Signs of jealousy might indicate that children are dealing with a difficult emotional situation. Gentle compassion can help start a conversation to bring healing. By listening to their concerns and understanding their perspective, we can help them learn ways to manage their feelings.
Try giving jealousy an actual name—maybe Jealous Jane or Jealous Joe. When it rears its ugly head, calling jealousy a funny name can help children separate jealousy from themselves and recognize it as an uncomfortable and fleeting emotion.
If one child wants a toy that another child is playing with, fathers can coach and set expectations. Tell the child who wants the toy to ask if they can have it in five minutes. Encouragement may be needed as the toy-holding child MUST agree to share in five minutes, and then share the toy with the other child as promised. This approach will not only help children become less possessive of toys, but they’ll be also less inclined to take and more inclined to share.
Be mindful of inauthentic praise. We love and adore our children; it is important to compliment them for their hard work and effort. However, when children who are not especially good at something are also constantly hearing how amazing they are, they may develop feelings of inadequacy—the exact opposite of the self-confidence we hope to instill in them. While our children should feel that they are capable of anything, they should also realize that they need skills to be successful.
It’s important to teach children to better understand the reasons for and implications of jealousy so they can better manage this powerful emotion. The tips above can help fathers corral and redirect children’s jealousy in positive ways to help them overcome angst and instead, be inspired.
“A heart at peace gives life to the body, but envy rots the bones.”
—Proverbs 14:30 NIV
Elmore Green starts life as an only child, as many children do. He has a room to himself, where he can line up his precious things and nobody will move them one inch. But one day everything changes. When the new small person comes along, it seems that everybody might like it a bit more than they like Elmore Green. And when the small person knocks over Elmore’s things and even licks his jelly-bean collection, Elmore’s parents say that he can’t be angry because the small person is only small. Elmore wants the small person to go back to wherever it came from. Then, one night, everything changes…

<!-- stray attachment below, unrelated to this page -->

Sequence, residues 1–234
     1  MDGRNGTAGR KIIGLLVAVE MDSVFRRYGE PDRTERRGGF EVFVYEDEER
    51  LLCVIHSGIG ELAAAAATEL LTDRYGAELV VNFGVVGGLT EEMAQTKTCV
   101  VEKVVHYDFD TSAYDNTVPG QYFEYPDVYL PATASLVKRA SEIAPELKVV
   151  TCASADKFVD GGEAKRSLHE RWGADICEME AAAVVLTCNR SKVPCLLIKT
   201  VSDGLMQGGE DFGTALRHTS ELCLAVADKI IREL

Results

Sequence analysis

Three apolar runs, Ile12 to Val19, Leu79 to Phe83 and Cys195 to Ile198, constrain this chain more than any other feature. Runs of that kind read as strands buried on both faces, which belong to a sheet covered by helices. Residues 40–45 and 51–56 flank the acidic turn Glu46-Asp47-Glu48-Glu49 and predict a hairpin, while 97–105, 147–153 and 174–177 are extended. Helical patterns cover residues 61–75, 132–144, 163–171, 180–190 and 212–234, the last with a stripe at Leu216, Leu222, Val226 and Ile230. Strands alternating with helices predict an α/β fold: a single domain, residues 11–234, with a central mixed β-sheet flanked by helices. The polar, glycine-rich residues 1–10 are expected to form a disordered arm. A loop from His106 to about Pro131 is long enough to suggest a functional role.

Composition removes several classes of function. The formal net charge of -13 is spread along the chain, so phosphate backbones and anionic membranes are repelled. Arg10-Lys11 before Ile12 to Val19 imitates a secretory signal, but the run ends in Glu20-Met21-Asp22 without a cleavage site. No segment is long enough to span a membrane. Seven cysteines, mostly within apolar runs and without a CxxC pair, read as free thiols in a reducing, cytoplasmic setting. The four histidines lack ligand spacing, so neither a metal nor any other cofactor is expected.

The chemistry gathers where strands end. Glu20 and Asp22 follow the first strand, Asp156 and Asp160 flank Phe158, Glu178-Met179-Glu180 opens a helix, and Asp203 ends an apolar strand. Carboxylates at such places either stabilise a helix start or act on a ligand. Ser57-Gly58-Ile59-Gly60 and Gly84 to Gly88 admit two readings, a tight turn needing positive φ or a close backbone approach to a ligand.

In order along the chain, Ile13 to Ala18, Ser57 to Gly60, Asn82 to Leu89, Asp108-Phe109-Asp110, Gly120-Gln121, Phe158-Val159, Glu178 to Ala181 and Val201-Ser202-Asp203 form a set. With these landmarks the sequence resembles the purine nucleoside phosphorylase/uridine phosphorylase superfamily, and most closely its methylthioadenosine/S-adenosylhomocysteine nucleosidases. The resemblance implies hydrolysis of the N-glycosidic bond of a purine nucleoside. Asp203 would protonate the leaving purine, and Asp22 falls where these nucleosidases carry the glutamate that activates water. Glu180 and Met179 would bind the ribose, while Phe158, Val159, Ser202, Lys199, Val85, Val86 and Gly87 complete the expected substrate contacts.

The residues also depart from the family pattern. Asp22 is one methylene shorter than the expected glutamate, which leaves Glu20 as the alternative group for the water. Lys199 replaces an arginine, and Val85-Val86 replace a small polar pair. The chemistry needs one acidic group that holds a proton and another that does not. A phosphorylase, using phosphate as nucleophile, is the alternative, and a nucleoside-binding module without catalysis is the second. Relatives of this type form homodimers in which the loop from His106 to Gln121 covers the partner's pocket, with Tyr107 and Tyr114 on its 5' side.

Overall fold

Through honest conversations and open-mindedness, Sophia, Camila, Christabel, and Jewel soon learn that it’s okay for friends to have other friends, and not everyone needs to like to do the same things all of the time. If they are kind and respectful toward one another, their friendships can grow and change.
Just like a pirate using a spyglass, kids may focus in on one thing that they want, and not notice all the good things they already have. If you’re a kid who thinks “it’s not fair,” this book is for you! Kids may focus in on one thing that they want, and not notice all the good things they already have. This interactive self-help book is the complete resource for educating, motivating, and empowering children to cope with envy.
We often feel jealous because we fear losing the things or people that matter to us the most. The Jealousy Cure offers proven-effective skills to keep jealousy in its place. You will learn that confronting jealousy in your relationship does not have to be a catastrophe, but can redirect you and your partner to build more trust, acceptance, and connection.
PLEASE NOTE: As an Amazon Associate, Fathers Truly Matter earns from qualifying purchases. The information in this post should not be construed as providing specific psychiatric, psychological, or medical advice, but rather to offer readers information to better understand the lives and health of themselves and their children. It is not intended to provide an alternative to professional treatment or to replace the services of a physician, psychiatrist, or psychotherapist.